Then we’ll do a straight-through “cold” read. Sometimes I read aloud; sometimes I have students do that on their own. After that first read, students are often surprised at the original, sometimes quirky, always engaging writer’s voices found on Medium. They can’t believe, for example, that someone actually wrote this. They also can’t believe the variety. Research-driven studies and silly listicles… it’s all here. Medium stories are a fresh change from the made-for-school reading they get so much of.
Then we pass around the highlighter bucket and we read the story again, marking it up and keeping track of the ideas it presents and the questions it poses. And then we talk. Here are the questions we throw around:
Do you like this story? Do you find it enlightening? Does it speak to you? How?
How does it begin? How does it end?
Where is the strongest moment in this story? Weakest?
What do we notice about how it’s built?
How many paragraphs? How many sentences in a paragraph?
What techniques does the author use? Repetition? Alliteration?
Does it have a topic sentence or a main idea? What is it?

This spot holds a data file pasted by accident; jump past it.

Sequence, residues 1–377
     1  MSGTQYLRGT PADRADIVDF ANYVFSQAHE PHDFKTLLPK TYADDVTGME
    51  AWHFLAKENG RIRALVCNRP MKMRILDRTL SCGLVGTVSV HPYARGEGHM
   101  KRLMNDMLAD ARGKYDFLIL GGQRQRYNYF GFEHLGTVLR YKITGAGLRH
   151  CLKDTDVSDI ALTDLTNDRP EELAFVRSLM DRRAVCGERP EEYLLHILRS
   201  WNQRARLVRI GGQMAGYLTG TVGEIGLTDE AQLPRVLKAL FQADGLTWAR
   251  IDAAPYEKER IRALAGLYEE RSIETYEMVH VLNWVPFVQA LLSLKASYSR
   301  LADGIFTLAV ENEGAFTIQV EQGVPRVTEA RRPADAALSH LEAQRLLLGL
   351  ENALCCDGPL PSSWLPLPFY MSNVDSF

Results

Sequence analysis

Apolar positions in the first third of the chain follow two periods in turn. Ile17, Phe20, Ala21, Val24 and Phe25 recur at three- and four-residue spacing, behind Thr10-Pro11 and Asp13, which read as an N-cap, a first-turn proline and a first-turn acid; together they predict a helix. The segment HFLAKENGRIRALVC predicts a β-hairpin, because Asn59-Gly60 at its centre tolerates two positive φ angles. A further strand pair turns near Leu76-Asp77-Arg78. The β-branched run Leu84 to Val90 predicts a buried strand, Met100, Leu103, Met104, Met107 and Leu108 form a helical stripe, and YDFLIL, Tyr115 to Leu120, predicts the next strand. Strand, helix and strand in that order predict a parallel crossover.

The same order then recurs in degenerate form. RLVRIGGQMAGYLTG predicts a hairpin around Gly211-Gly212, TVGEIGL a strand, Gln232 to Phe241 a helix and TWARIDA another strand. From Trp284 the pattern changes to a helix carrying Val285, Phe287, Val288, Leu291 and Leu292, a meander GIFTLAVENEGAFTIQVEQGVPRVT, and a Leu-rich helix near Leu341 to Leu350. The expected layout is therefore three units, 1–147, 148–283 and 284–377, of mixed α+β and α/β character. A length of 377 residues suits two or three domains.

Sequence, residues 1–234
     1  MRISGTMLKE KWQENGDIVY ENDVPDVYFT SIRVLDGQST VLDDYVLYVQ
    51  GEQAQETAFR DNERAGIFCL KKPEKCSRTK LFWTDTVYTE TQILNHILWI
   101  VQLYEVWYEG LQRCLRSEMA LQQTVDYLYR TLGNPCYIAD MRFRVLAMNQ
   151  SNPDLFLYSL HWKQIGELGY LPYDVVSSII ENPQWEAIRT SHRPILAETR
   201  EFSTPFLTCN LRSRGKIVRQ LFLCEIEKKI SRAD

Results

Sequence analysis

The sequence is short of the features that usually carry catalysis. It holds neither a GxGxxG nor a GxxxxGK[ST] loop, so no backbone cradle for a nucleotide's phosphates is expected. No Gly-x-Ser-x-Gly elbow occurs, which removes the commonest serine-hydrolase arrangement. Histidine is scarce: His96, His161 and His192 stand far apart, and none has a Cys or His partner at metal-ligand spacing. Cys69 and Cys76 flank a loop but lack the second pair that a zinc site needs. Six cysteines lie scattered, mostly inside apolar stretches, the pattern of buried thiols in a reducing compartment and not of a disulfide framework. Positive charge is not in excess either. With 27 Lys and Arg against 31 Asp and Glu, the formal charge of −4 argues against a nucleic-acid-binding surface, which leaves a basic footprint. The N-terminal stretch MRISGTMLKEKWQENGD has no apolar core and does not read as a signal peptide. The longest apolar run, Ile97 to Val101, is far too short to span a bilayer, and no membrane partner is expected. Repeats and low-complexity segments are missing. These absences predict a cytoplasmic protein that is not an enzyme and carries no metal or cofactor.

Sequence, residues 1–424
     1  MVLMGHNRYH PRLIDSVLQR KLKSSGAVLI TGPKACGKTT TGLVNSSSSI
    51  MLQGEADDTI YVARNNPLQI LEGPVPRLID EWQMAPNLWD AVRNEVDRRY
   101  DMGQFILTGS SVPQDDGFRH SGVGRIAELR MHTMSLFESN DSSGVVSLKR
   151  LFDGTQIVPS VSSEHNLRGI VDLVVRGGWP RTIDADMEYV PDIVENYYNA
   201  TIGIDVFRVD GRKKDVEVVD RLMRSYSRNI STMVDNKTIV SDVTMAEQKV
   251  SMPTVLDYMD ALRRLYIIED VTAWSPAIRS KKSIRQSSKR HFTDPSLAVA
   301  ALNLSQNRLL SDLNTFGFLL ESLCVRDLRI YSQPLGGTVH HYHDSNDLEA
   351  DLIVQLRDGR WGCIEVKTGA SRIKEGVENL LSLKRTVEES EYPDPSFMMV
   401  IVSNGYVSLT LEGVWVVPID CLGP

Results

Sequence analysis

How does the author develop and explore this idea?
Does the author use evidence? How is it presented? Is it effective?
If you had written this article, how would you have tagged it?
What techniques could you pull from this mentor text as you write your own how-to?
I know that looks like a lot of discussion questions. In fact, you may be thinking, Wow. Way to take a perfectly good story and ruin it with over-analysis.However, our discussions are casual and organic; we ask the questions that make sense for the story we happen to be reading. Everybody is free to contribute, of course, and they do because the stories on Medium are accessible, relevant and created by real, living and breathing, connected writers who blog about the world that exists beyond the concrete block walls of school.
So now that you’ve found Medium, delve deeper. Find a handful of stories that you’re enthusiastic about. Restock your highlighter bucket. Get lots of colors. Plan to read, talk about, and imitate some Medium stories with your students this fall.
Click like if: a) you liked this, or b) know some teachers who need to find Medium. Could that be you??? Follow this blog to stay in touch. I’ll be posting more Medium resources for teachers soon. Thanks for reading!